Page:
blossom into golden flames,
smell autumn’s pungent breath.
From the pyre summer rises,
a small gray ghost,
and drifts away
into the darkening sky.


The Poetry Friday Roundup is at Teaching Young Writers.


The three winners of Janet Wong’s book Declaration of Interdependence: Poems for an Election year are Gretchen, Bridget Wilson, and vezenimost. Congratulations to all of you!

Note to the winners: Please email me your names and addresses and I will send the books off to you.


Saturday, October 6, 2012

BOOK GIVEAWAY--Declaration of Interdependence: Poems for an Election Year by Janet Wong

Declaration of Interdependence would be an excellent book to use in a middle grade classroom to spark a discussion about this year’s presidential election, voting and voting rights, electoral votes, and choosing a candidate—and a great way to integrate poetry and social studies!

Here’s one of the poems from the book:
Make Your Ballot Count
By Janet Wong

Darken the circles completely
(neatly, not outside the lines).

If you don’t know what to do
ask the helpers (follow the signs).

When you punch the holes, be firm
(no worm-like hanging chad).

When your vote is done,
your vote is gone.

A wrong vote? That’s too bad.
A wasted vote: so sad.

BOOK GIVEAWAY: I have three copies of Declaration of Interdependence (kindness of Janet Wong) to give away. If you’d like to have a chance to win a copy of the book, all you have to do is to leave a comment on this post. I’ll enter the names of all those who comment into a drawing and announce the names of the winners next Friday.

Be sure to visit Janet’s The Declaration of Interdependence Blog.

About the blog: This community is dedicated to exploring topics raised in DECLARATION OF INTERDEPENDENCE: Poems for an Election Year by me (Janet Wong). In this book, you'll find topics such as liberty, the election, voting rights of kids, how to choose a president, the electoral vote, and more. Thanks for stopping by, and please jump in with your comments. Whether you're 9 years old or 90, we want to know what you're thinking!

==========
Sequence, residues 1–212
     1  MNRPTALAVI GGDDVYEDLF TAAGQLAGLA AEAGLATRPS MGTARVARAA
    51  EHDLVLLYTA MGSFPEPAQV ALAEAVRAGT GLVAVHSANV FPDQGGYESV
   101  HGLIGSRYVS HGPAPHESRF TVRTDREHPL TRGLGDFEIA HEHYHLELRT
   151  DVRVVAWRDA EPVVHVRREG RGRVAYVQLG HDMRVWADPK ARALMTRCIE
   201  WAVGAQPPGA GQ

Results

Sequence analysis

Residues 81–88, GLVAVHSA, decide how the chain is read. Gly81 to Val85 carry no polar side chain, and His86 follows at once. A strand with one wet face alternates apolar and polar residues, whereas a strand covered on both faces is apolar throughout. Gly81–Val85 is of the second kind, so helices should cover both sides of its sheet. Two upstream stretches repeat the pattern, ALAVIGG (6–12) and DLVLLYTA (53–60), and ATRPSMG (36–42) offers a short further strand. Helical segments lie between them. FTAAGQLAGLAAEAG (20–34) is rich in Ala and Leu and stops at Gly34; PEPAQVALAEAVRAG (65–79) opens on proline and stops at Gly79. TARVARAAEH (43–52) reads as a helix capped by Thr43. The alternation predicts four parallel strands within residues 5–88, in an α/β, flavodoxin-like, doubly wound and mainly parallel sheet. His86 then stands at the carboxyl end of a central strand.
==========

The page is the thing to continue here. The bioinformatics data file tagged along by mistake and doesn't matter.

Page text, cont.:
Friday, October 5, 2012

THE SOUND OF FALL: An Original Animal Mask Poem

I wrote the first draft of the following animal mask poem last month. I kept fiddling with it over the weeks. I felt it needed a couple more lines—but hit a wall. Then, when I was in bed the other night, two lines just popped into my head.

Here is my most recent draft of that poem--which is told in the voice of migrating geese:

By Elaine Magliaro

So long…farewell. We’re on our way.
We must depart. We can’t delay
Our journey to a warmer clime.
Mother Nature warned: “It’s time!”
We’re heading south before the snow…
And winter winds begin to blow.
We leave you with our parting call—
Honk! Honk! Honk!
THAT’S the sound of fall.


Laura Purdie Salas has the Poetry Friday Roundup at Writing the World for Kids.

P.S. Check out Laura’s terrific collection of poems about books and reading, BookSpeak! It would be an excellent book to share with elementary students.